the orchestra was working gloriously through what the local paper called
a “fine musical program.” The chances are that she was better off in the
silence. Most of us hear too much, anyway.



CHAPTER XI

“THE WHISPERING WIRE”

  Telephone Difficulties—Seeing and Believing—Bell
  and the First Telephone—Choosing Intermediaries by
  Professions and Appearance—When the Bartender Beat the
  Preacher and the Farmer—The Prohibition Convention—The
  Hebrew Drummer as a Satisfactory Proxy.


Often I wonder if those who make such glib use of the telephone can
possibly realize what it means to be unable to operate it at all. I
see my wife with the instrument at her ear bowing and smiling to some
invisible talker some miles away. Sometimes I ask why she should smile,
frown, or nod, to some one over in the next county, and though she has
never given a satisfactory answer, I take it that the mere sound of the
human voice is enough to excite most of the emotions. This commonplace
affair, as a matter of course conveying audible sound over long
distance, becomes to the deaf marvelous, a contrivance almost uncanny.

The woman who brought me up was very deaf, and, like many of us who live
in the silence, very narrow and most inquisitive. On Winter evenings
she would often read aloud to us chapters from Isaiah describing some
of the wonders which that poet and visionary predicted for the future.
Then she would give her own version of the account, while her husband
nodded in his chair and I was busied with my own dreams. I now wonder
what would have happened if I had told her that some day a man would
stand in the city of Boston with a small instrument at his ear and
would hear a person in San Francisco talking in an ordinary tone of
voice. At that time there was not even a railroad across the continent.
West of Omaha was a wild Indian country, filled with cactus and alkali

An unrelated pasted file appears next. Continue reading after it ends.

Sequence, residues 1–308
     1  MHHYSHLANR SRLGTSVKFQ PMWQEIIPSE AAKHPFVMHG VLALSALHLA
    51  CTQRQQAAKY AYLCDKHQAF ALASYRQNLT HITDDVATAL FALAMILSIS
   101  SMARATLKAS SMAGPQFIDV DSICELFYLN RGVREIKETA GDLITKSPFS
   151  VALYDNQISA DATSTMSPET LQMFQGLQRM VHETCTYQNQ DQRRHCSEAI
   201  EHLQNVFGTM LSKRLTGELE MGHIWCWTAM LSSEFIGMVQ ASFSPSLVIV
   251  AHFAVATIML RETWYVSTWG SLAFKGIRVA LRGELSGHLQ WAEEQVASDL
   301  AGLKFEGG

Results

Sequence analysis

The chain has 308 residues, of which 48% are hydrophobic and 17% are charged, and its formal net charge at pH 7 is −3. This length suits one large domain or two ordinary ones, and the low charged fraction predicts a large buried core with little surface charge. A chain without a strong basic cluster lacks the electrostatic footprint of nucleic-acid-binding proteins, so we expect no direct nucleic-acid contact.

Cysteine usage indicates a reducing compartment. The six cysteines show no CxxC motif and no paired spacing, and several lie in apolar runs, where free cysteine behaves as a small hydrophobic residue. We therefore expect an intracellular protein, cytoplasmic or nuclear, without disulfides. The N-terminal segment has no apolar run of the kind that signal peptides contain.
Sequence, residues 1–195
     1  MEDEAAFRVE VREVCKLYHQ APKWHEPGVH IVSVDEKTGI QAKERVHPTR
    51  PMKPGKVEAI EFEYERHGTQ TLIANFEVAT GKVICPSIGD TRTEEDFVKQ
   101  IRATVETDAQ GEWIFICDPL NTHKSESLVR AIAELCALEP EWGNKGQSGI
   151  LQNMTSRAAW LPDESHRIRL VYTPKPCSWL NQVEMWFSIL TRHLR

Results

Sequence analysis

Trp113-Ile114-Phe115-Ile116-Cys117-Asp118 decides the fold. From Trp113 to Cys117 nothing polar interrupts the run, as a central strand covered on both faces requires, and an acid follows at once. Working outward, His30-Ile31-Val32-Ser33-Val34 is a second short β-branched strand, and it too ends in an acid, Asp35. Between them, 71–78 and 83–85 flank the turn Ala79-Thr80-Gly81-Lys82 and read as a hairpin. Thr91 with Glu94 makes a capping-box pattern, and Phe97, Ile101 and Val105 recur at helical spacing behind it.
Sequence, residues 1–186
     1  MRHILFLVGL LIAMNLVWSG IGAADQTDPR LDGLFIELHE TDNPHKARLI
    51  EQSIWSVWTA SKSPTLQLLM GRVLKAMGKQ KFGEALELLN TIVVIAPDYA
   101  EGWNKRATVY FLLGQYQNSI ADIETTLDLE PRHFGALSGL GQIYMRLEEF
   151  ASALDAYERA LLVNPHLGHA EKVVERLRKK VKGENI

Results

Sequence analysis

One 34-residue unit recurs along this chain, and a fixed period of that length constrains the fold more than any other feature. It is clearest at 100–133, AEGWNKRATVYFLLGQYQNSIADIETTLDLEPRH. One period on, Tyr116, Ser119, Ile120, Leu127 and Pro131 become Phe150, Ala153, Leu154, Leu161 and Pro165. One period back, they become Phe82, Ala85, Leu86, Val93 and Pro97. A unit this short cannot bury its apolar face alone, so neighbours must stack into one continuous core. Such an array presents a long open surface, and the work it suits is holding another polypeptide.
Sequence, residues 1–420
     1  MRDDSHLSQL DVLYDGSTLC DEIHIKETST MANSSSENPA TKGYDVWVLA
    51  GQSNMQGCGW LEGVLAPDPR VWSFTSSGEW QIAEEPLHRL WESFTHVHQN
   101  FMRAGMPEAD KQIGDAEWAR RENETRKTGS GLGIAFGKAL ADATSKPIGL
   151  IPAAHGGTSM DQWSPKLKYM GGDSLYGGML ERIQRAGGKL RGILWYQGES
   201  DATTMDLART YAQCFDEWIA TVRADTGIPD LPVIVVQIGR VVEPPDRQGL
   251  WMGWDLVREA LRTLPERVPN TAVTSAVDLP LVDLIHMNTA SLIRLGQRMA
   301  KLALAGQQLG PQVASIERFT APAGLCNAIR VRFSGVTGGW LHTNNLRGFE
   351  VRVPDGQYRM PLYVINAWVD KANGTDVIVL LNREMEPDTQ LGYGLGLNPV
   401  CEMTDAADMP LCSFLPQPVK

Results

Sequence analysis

water. The folly of talking about delivering coherent sound across
that waste! I have heard of a missionary who went to the interior of
Africa and lived there with a pagan tribe. He told them stories of life
in the temperate zone, and while they could not understand, they made
no objection and politely listened. Finally he told them that at one
season of the year the water froze—that it became so hard that people
could walk on it. Here was something tangible; they understood water.
The statement that people could walk on it was a lie, of course, and
they threatened to kill the liar. Another man, a Vermonter, went to the
Island of Java and married a native woman. He told her about buckwheat
cakes and maple syrup in the Green Mountain State, and she would not
believe him. Finally she came to regard him as a deceiver. He wrote me
for help, and I sent him a sack of buckwheat flour and a can of syrup.
They made a journey half around the world, but at last the Vermonter
cooked a batch of pancakes which quite restored him to favor. The deaf
and the deficient are likewise hard to convince unless the evidence is
put before them in terms of their own understanding. If I had presented
my humble amendment to the prophecies of Isaiah, I think it would have
been decided that I possessed an evil spirit of the variety which may be
exorcised by a hickory stick.

Later, as a young man, I saw Alexander Graham Bell working with the
first telephone—a short line between Osgood’s publishing house in
Boston and the University Press in Cambridge. It seemed then more of a
toy than a device of practical value, and as I remember him, Bell was
a rather shabby inventor. His messages were mostly a loud shouting of:
“Hello! Hello! Can you understand me?”

Beginnings are rarely impressive or attractive, and the actual pioneer
seldom recognizes himself as such. I saw one of the great men of Boston
stand and laugh at Bell’s clumsy machine and at his efforts to make it
work.

“Bell,” he said, “it isn’t even a good plaything. I’ll agree to write
a letter, walk to Cambridge with it, walk back with the answer and get
here long before you can ever get a reply with that thing.”

And Bell looked up from his apparent failure with a smile of confidence.

“I will make it work. The principle is right. We will find the way. The